No gentamycin for staph endocarditis

Low dose “synergistic” gentamycin has been traditionally used in conjunction with anti-staph penicillins or vancomycin to treat staph aureus endocarditis, however the nephrotoxicity of this practice had not been evaluated. In this prospective cohort of safety data from a randomized trial of patients with staph aureus endocarditis, researchers found that 22% of those that received gentamycin, versus only 8% that did not, suffered a decrease in their creatinine clearance. Given the limited efficacy of low dose gent synergy, the authors and an accompanying editorial conclude that the risks outweigh the benefits (abstract)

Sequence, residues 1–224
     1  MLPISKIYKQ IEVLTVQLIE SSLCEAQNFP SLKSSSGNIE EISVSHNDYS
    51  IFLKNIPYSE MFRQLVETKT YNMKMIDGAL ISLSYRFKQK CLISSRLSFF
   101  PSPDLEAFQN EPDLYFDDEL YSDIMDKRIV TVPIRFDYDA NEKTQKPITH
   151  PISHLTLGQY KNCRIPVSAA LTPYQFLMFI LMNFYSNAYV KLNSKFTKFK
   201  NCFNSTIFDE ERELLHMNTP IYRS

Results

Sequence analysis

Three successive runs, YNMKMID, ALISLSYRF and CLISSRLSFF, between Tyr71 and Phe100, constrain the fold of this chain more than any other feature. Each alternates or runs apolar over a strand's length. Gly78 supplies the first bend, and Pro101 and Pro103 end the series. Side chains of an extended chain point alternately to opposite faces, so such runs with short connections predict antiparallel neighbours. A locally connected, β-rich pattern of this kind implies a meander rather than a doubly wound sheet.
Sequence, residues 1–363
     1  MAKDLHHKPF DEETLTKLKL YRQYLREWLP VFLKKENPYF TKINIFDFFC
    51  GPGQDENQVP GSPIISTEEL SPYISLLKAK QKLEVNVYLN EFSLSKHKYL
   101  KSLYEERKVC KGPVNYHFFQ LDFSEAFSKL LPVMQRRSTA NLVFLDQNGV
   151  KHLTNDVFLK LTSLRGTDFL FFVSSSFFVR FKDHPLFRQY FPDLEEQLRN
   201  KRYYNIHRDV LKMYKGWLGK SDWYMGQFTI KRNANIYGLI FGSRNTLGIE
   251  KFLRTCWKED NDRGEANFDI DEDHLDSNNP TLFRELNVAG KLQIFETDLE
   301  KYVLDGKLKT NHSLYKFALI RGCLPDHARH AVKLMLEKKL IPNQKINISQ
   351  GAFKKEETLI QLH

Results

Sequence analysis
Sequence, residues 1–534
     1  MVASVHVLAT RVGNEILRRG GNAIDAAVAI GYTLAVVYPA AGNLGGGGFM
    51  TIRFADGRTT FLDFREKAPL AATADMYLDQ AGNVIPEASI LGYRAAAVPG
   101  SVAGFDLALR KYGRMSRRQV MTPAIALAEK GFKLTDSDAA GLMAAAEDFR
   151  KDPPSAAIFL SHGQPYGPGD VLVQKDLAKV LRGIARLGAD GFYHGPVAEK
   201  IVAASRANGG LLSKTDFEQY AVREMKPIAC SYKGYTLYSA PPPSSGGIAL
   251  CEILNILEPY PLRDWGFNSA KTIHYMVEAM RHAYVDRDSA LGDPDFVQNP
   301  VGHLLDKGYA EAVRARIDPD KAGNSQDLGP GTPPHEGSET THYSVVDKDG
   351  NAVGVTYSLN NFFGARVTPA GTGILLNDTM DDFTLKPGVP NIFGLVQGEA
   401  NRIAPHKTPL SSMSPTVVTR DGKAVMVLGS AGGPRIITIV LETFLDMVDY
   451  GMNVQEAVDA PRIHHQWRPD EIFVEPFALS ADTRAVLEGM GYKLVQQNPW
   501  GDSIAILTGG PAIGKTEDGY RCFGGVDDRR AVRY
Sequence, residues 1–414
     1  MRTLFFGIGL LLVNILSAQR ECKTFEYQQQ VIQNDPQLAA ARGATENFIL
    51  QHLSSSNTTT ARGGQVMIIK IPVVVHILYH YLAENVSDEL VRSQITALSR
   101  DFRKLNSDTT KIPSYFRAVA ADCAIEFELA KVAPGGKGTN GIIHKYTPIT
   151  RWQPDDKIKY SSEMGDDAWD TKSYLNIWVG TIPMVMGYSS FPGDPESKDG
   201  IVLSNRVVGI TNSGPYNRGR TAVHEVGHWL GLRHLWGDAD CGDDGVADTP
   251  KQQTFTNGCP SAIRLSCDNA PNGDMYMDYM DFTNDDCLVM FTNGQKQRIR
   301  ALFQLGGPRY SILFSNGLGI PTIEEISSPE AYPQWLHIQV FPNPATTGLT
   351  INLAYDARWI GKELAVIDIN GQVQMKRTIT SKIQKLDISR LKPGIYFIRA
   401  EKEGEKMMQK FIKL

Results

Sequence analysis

Danielle Scheurer

Dr. Scheurer is a clinical hospitalist and the Medical Director of Quality and Safety at the Medical University of South Carolina in Charleston, South Carolina, and is Assistant Professor of Medicine. She is a graduate of the University of Tennessee College of Medicine, completed her residency at Duke University, and completed her Masters in Clinical Research at the Medical University of South Carolina. She also serves as the Web Editor and Physician Advisor for the Society of Hospital Medicine.

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